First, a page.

It will not cover the structure for intentional damages, everyday wear and tear, or other expressly excluded perils.
     
  • Personal belongings. An HO3 also has coverage for personal belongings. A set percentage, usually 50 to 70 percent of your dwelling coverage amount, makes up your personal property coverage limits. On an insurance policy with $300,000 of dwelling coverage, one could expect to have $150,000 to $210,000 in personal property protection.

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    The insurance policy also covers individual items stored in a storage unit or items located off-site at another location. Personal property is covered at actual cost value (ACV), or you can upgrade to replacement cost value (RCV) coverage for an additional fee. There are sub-limits for specific categories of personal belongings such as electronics, jewelry, art, etc.

    Each sub-limit category has different coverage limits, and you are covered only up to those limits for items in each category. For example, computers have sub-limits of $2,500-$5,000, depending on your carrier.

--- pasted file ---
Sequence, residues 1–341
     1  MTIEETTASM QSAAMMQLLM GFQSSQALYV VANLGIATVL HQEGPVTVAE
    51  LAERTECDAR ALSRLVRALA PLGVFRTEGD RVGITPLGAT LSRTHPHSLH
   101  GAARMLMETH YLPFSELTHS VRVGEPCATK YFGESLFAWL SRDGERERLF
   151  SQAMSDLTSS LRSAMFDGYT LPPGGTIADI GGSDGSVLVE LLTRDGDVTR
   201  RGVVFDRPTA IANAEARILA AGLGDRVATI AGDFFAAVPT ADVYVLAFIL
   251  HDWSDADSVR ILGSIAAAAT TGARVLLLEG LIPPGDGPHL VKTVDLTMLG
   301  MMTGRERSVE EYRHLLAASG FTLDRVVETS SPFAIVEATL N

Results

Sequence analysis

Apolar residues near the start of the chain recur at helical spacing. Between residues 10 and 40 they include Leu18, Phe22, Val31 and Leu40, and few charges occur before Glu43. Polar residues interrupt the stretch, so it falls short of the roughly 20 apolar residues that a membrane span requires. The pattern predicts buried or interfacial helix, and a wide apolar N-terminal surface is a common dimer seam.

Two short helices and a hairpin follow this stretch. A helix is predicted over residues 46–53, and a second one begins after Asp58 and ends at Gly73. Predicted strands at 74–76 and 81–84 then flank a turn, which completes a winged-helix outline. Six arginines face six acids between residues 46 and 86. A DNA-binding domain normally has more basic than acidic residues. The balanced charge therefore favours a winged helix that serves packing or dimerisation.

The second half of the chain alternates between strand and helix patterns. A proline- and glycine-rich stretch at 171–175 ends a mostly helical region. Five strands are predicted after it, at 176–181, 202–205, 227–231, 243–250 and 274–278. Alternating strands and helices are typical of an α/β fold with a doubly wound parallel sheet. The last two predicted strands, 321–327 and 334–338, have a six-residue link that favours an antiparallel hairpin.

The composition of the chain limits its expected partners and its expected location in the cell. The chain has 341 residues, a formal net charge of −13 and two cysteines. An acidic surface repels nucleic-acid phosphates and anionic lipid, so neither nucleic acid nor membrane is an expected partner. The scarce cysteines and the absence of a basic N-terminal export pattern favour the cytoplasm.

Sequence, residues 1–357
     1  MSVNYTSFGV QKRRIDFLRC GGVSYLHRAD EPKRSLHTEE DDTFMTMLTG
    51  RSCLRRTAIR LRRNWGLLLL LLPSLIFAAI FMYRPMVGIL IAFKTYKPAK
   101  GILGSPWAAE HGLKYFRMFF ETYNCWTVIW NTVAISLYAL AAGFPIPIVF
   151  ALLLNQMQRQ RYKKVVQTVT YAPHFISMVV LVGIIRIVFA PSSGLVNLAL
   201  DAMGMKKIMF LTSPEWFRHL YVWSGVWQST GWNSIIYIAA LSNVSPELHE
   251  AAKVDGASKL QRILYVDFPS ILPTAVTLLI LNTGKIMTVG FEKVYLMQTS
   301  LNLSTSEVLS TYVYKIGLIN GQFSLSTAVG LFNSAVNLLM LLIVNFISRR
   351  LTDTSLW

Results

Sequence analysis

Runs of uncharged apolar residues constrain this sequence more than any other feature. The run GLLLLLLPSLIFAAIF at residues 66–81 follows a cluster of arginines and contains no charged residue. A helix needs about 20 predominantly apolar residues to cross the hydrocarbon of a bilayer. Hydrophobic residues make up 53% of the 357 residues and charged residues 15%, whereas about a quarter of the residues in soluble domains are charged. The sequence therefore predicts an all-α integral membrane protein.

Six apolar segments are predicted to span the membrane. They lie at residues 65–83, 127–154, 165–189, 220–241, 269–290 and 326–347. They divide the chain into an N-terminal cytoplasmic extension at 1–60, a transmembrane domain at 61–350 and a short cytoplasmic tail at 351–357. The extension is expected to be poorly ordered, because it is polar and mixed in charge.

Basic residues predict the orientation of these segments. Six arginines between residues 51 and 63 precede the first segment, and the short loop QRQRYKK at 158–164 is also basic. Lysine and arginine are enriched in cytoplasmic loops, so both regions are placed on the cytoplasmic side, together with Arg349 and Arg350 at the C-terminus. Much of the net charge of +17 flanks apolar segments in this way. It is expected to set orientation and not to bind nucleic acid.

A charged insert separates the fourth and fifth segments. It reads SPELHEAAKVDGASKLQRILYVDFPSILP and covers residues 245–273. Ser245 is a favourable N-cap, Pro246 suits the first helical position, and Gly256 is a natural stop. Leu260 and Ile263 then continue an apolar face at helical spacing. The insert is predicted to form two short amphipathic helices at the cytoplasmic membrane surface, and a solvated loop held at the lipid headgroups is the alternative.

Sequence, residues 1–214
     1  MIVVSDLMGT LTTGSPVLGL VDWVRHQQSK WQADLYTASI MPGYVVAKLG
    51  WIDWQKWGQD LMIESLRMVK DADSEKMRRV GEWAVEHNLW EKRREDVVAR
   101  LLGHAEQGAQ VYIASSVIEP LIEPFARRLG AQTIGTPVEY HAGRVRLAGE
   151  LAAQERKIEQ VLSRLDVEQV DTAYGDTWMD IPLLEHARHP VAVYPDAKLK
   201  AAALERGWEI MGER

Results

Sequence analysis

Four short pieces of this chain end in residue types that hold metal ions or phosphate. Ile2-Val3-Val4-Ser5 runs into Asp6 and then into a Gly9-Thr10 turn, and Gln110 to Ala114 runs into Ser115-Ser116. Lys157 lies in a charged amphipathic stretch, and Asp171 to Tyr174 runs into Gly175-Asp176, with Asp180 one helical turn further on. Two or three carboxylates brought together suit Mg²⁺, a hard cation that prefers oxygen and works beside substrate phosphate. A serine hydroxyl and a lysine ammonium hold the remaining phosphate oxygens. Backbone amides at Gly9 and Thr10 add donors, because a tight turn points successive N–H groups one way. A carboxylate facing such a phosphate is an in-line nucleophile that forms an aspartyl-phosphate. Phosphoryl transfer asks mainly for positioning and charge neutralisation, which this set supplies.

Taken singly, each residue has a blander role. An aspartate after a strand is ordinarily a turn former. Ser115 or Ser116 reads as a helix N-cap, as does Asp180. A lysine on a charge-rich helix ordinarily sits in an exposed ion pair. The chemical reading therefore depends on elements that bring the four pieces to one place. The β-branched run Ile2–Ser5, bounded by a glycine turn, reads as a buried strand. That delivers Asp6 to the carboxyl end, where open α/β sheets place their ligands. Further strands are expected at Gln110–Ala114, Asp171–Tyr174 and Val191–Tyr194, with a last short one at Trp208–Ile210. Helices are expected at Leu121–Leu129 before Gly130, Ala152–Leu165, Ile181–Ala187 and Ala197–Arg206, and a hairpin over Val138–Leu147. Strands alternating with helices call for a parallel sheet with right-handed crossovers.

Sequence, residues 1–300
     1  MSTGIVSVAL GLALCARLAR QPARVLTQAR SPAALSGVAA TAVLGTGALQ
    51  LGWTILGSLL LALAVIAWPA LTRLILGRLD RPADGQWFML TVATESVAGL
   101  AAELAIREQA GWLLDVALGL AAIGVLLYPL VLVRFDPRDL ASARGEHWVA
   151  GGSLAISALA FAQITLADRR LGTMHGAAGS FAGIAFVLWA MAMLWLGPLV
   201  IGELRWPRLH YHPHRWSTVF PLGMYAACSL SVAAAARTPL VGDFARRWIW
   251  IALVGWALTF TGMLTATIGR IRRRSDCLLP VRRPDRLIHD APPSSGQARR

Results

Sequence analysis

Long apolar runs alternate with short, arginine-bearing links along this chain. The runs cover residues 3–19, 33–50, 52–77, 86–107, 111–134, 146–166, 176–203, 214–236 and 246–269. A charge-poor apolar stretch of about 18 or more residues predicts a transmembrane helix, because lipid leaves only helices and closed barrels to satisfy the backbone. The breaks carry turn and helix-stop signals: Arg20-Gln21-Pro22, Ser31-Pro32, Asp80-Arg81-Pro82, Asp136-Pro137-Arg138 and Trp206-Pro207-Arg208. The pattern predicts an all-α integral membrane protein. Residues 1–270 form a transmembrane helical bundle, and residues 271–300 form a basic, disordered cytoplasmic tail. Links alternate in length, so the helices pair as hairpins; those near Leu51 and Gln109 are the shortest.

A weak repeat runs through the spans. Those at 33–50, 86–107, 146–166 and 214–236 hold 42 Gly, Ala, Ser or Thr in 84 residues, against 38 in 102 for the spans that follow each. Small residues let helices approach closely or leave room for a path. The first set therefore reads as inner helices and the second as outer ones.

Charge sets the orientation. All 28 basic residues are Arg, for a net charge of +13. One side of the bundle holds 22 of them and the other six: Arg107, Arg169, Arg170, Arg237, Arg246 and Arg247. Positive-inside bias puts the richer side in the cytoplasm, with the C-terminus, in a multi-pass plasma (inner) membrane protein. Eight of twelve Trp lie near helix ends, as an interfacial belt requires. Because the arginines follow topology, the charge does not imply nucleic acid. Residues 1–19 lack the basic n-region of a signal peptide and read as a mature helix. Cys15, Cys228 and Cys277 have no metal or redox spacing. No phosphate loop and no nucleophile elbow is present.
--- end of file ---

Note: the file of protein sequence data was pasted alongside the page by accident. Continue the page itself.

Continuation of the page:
If you lose three computers in a fire, the sub-limit most likely will not be enough. However, you can purchase a scheduled personal property endorsement for an additional price. It lists specific items and their value — instead, the computers named explicitly on your endorsement cover the full retail cost of buying new ones.

    The types of risks covered include fire, hail, water backup, and many other hazards. There are 16 covered named perils for personal property on an HO3 insurance policy (see below). Therefore, this coverage section is technically a named peril policy.
     
  • Liability. Your HO3 provides personal liability protection. Liability coverage protects the policy owner from lawsuits related to bodily injury, people injured on your property. A person that trips on the property and is injured may sue the homeowner.

    The liability portion of your insurance policy covers your legal fees and lawsuit judgments. The policyholder can expand liability protection by buying an umbrella policy.
     
  • Additional Living Expenses. This coverage helps you pay for the extra cost to live at another location during home repair if your home becomes unlivable. Those types of bills can include hotel costs, restaurant expenses, and other related costs.
     
  • Medical payments. This limited coverage takes care of medical care needed to treat someone injured on your property.